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Particles & Filtration; Healthcare Construction Certification
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Particles & Filtration; Healthcare Construction Certification

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One of several presentations developed for the Healthcare Construction Certification Program.

One of several presentations developed for the Healthcare Construction Certification Program.

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  • WHEA Chapter VI May 16, 2007 © 2007 Michaels Engineering Inc.
  • WHEA Chapter VI May 16, 2007 © 2007 Michaels Engineering Inc.

Particles & Filtration; Healthcare Construction Certification Presentation Transcript

  • 1. Particulate Matter and Filtration in Healthcare Presented by: Wane A. Baker, P.E., CIH Division Manager, Indoor Air Quality MICHAELS ENGINEERING INC. Email: wab@MichaelsEngineering.com 608/785-1900 Healthcare Construction Certification Program
  • 2.
    • AGENDA
    • What is particulate matter?
      • Definitions
      • Health effects
    • Controlling particulate levels
      • Four mechanisms of filtration
      • Rating systems
      • Filter selection in healthcare
    © 2007 Michaels Engineering Inc. Particulate Matter and Filtration Healthcare Construction Certification Program
  • 3.
    • Definitions
    • Aerosols : airborne solid and liquid particles
    • Size expressed in microns = micrometers ( µm )
      • “ Aerodynamic diameter ” = same behavior in air as a spherical particle of unit density
      • For particles of aerodynamic diameter less than 0.5 μm, the “ particle diffusion diameter ” should be used instead
    • Size range: generally from 0.005 – 100 microns
    • Comparisons
      • diameter human hair: 60-70 microns
      • smallest visible: 20-30 microns
    © 2007 Michaels Engineering Inc. Particulate Matter and Filtration Healthcare Construction Certification Program
  • 4. Particulate Matter and Filtration
  • 5.
    • Definitions (cont’)
    • Particulate matter: ‘ fine’ solid or liquid particles
      • Generally, less than 30 µm
    • Composed of dust, smoke, fume, mist, fibers
    • EPA vs. industrial hygiene classifications
    • Total particulate, PM 10 , PM 2.5
      • Coarse, fine, ultrafine
      • Inhalable, thoracic, respirable
    © 2007 Michaels Engineering Inc. Particulate Matter and Filtration Healthcare Construction Certification Program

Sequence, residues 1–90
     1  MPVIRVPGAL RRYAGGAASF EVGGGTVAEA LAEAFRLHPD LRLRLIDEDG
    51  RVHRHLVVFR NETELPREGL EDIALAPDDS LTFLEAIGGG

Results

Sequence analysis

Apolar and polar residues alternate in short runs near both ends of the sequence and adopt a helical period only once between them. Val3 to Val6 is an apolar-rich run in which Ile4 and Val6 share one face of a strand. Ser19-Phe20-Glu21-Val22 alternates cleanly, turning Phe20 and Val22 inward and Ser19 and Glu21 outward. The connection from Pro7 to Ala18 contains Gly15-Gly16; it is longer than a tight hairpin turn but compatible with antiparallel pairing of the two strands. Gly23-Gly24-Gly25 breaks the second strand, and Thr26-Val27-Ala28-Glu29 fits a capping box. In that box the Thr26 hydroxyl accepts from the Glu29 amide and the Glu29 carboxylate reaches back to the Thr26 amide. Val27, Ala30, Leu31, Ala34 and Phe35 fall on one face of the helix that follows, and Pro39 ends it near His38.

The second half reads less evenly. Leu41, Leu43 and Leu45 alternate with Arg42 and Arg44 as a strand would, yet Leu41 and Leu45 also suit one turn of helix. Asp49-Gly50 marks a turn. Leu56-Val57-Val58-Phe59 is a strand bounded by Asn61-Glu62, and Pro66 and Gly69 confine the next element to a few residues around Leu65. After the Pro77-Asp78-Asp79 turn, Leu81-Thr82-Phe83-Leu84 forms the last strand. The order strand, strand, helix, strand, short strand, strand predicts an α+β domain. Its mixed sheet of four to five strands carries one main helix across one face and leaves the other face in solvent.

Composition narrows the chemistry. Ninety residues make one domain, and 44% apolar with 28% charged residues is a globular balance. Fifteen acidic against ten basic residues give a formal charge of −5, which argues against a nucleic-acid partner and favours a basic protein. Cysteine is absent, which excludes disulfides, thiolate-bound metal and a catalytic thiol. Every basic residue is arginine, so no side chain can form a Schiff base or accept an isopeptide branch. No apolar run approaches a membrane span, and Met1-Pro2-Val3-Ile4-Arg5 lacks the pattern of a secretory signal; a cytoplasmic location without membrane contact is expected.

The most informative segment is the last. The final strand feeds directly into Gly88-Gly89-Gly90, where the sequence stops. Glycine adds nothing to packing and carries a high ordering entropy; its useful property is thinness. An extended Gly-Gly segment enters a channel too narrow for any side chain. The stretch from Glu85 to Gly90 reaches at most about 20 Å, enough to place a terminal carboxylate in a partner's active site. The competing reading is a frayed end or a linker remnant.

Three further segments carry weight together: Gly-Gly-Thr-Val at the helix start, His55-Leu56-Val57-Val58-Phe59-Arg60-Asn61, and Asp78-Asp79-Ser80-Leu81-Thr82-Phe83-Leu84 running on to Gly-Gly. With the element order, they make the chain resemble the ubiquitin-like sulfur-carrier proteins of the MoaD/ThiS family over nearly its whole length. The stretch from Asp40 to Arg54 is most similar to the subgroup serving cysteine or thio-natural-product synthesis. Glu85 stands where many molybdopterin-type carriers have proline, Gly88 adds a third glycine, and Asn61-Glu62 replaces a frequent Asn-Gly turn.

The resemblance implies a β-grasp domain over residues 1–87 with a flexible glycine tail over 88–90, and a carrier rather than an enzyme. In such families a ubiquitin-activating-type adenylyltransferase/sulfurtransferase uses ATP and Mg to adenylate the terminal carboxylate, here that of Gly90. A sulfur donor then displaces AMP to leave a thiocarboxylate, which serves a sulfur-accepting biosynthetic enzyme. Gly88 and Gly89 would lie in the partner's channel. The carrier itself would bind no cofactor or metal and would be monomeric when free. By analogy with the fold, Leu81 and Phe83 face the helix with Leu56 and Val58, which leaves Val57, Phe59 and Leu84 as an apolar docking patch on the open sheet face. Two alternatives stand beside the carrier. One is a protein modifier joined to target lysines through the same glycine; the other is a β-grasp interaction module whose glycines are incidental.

• 6. Particulate Matter and Filtration
    • Sources include mechanical reduction (grinding), wind erosion, combustion (wildfires, I.C. engines, boilers), skin flakes, paper dust, insect parts, natural and synthetic fibers, industrial processes, smog, copiers and printers
      • People emit large numbers of particles:
        • 400,000 per minute sitting at a desk
        • 45,000,000 per minute during exercise
    • Fine and ultra-fine can be reduced by avoiding vehicle emissions and other combustion devices, source capture at printers, copiers
      • A portion of UFP may pass through HEPA filters
      • Diffusion a function of velocity [later section…]
    Healthcare Construction Certification Program © 2007 Michaels Engineering Inc.
  • 7.  
  • 8.
    • Definitions (cont’)
    • Inhalable: <100 μm
      • the mass fraction inhaled through the nose and mouth
      • Particles larger than 30 μm unlikely to enter nasal passages
    • Thoracic: <10 μm (PM 10 )
      • the mass fraction penetrating beyond the larynx
    • Respirable: <2.5 μm (PM 2.5 )
      • the mass fraction penetrating to the unciliated airways
      • IH definition: < 4.0 microns (d 50 cut-point)
    • Ultrafine particles (UFP): <0.1 micron
      • 0.1 micron = 100 nm (“ nano particles ”)
    © 2007 Michaels Engineering Inc. Particulate Matter and Filtration Healthcare Construction Certification Program
  • 9.  
  • 10.  
  • 11.
    • Health effects
    • Allergies, asthma, bronchitis, HP, COPD, pneumoconiosis, carcinogens, metal fume fever, infections, systemic toxicants
    • A statistically significant increase in morbidity and mortality associated with fine PM in ambient air
      • Mean increase in death rate from cardiovascular and respiratory causes was found to be 0.68% for each 10  g/m 3 increase in PM 10
      • ( New England Journal of Medicine , Vol 343, No 24, Dec. 14, 2000)
    © 2007 Michaels Engineering Inc. Particulate Matter and Filtration Healthcare Construction Certification Program
  • 12.
    • Health effects (cont’)
    • Particle surfaces adsorb VOCs, oxidants
    • Effective at delivering organics, toxics to lung tissues
    • UFP believed to overwhelm cleaning mechanism in alveoli, damage epithelial cells, cause inflammation
      • Increases potential for bronchitis, asthma
    • Diesel particulate: an area of intense research effort
      • e.g., “Health Assessment Document for Diesel Engine Exhaust”, EPA/600/8-90/057F, May 2002
    • In healthcare, bioaerosols are a specific concern
    © 2007 Michaels Engineering Inc. Particulate Matter and Filtration Healthcare Construction Certification Program